Lesson Two: The need for companionship, friendship, acceptance, and love is not limited to humans.  Last Friday it was a beautiful day....warm and sunny and very unusual for Michigan in January. I thought it would be a great day to groom the horses with the kids. So my plan was to take them into their stalls and then set them up for grooming - we would take turns brushing, picking, petting, etc. Sounds like a perfect way to spend the afternoon, right? Well, I walked out to Tango and put on his halter (he's so trained....stands there so still like a statue) and led him to the barn. Of course, Jake was right behind him as he always is. I led Tango into the stall and, as I was closing the door, had to push Jake's large head out of the opening and shut the door quickly so he wouldn't follow.  The minute I shut the door, Jake freaked. That's not an understatement - he freaked. Whinnies, gallops, bucks, pacing. Anything and everything he could do to show his disapproval of my taking away his buddy, his leader, his new friend.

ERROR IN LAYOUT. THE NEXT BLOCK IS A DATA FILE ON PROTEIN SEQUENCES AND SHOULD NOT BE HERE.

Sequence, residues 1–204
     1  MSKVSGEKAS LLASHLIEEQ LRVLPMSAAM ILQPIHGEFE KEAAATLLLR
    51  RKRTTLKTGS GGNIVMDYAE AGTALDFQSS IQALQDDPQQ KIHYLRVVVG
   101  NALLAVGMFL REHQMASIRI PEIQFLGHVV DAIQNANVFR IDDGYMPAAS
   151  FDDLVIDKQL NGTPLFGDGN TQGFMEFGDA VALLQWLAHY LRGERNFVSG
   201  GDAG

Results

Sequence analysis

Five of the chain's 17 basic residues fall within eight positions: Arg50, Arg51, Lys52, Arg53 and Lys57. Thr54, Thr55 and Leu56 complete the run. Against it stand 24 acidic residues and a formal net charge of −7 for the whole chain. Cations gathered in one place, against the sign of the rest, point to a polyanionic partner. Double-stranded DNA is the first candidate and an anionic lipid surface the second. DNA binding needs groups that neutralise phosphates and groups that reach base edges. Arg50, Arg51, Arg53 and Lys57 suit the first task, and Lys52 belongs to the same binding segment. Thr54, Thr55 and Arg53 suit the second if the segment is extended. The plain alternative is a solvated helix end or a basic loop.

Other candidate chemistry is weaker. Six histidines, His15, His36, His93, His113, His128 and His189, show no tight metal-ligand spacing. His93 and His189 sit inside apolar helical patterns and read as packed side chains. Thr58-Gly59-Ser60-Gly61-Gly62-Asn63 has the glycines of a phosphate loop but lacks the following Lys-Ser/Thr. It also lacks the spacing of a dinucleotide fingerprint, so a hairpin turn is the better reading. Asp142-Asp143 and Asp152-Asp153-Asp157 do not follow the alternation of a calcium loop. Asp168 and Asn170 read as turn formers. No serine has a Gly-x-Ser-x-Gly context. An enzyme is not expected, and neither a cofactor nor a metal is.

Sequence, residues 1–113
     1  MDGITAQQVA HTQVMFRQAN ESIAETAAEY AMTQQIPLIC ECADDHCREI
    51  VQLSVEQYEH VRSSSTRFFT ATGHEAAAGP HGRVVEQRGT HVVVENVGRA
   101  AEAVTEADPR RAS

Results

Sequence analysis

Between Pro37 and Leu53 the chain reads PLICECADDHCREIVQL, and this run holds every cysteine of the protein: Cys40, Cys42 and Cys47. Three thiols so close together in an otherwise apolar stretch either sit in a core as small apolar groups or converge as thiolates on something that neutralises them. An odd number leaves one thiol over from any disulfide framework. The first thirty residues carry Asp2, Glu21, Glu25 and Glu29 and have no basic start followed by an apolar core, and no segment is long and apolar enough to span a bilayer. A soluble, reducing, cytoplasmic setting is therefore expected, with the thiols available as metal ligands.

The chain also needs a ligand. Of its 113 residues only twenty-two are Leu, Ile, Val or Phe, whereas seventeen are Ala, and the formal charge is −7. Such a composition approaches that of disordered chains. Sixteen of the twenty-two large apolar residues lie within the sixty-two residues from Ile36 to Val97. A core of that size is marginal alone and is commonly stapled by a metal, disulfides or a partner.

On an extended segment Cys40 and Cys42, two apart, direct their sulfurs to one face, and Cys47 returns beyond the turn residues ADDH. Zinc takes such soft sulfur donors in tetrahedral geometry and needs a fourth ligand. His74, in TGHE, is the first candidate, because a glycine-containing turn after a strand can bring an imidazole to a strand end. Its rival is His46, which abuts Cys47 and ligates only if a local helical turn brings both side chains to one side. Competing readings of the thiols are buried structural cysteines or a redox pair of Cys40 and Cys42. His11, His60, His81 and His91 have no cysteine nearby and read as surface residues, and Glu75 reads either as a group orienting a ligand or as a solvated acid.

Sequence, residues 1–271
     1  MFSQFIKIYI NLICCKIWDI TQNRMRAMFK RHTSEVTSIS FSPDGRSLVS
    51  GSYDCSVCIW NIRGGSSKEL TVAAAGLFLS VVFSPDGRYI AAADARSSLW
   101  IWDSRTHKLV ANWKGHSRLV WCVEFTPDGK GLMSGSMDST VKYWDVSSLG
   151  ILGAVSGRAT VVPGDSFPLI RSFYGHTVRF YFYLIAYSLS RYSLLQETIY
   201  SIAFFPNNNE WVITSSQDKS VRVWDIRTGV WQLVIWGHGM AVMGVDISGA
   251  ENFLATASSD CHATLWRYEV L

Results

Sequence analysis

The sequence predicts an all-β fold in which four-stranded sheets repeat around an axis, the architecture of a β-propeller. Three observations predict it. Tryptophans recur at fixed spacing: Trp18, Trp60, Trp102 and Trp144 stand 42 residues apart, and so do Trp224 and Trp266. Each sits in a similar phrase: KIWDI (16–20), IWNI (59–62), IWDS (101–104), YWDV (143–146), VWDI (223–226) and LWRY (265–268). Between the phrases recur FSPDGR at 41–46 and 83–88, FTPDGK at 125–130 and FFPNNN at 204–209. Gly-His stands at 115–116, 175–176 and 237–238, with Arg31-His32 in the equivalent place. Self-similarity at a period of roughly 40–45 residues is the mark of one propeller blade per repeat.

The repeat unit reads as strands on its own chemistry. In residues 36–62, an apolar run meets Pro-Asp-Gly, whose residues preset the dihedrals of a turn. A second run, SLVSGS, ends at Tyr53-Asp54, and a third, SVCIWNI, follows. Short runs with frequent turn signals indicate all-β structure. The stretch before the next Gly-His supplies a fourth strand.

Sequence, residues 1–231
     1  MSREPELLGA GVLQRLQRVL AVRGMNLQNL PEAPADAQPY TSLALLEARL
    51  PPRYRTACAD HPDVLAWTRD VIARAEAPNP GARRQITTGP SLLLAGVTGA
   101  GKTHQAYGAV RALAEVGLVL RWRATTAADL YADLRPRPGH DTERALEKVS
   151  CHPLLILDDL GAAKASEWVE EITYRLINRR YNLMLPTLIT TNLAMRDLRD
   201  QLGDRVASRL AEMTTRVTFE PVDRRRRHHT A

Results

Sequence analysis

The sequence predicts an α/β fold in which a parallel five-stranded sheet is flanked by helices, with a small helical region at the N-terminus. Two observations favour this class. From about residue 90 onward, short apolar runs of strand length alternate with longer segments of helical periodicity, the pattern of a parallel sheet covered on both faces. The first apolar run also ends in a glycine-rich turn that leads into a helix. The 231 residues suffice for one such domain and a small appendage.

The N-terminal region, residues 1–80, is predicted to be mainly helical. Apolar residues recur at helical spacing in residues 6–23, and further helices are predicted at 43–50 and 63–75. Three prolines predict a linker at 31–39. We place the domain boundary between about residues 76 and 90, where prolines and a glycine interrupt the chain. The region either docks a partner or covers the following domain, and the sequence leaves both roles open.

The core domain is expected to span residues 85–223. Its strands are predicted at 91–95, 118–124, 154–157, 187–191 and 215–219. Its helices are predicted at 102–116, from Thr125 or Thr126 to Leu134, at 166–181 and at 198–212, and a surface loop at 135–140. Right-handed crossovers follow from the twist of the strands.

I tried to calm him down by going back outside the fence and calling him over to me, offering a carrot for comfort (he's a foodie). He took one snip and off he continued with his tantrum.  I, of course, was quite panicked and found myself at the bottom of my ladder. Almost like I had fallen completely off. Laid back Tango was still in his stall, waiting for his beauty appointment. I knew at this point that I did not have time to run inside and Google "buddy sour" or "horse freaking out when you bring one into the barn" so I let Tango back out into the pasture. My teacher/Mommy instincts told me NOT to do that because that would be rewarding Jake's tantrum. But my inner self, who had just been knocked down another few rungs, knew that it was all I could do with my experience and knowledge.  Tango immediately went out to Jake and nipped him on the butt, as he often does to tell him "you idiot." The two of them went back to their easy, posh life of grazing.